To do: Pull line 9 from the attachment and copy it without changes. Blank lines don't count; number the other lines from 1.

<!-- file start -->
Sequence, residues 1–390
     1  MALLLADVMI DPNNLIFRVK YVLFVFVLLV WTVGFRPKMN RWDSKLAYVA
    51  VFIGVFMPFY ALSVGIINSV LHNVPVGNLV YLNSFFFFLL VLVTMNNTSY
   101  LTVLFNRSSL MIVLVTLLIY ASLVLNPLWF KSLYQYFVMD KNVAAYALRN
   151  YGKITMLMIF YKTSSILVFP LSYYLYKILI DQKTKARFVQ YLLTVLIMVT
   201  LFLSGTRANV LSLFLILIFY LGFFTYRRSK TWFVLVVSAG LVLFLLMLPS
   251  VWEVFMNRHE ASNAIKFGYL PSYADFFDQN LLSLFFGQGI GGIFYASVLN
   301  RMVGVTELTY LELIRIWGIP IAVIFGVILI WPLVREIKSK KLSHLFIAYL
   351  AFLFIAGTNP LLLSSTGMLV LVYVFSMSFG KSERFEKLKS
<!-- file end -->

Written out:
   351  AFLFIAGTNP LLLSSTGMLV LVYVFSMSFG KSERFEKLKS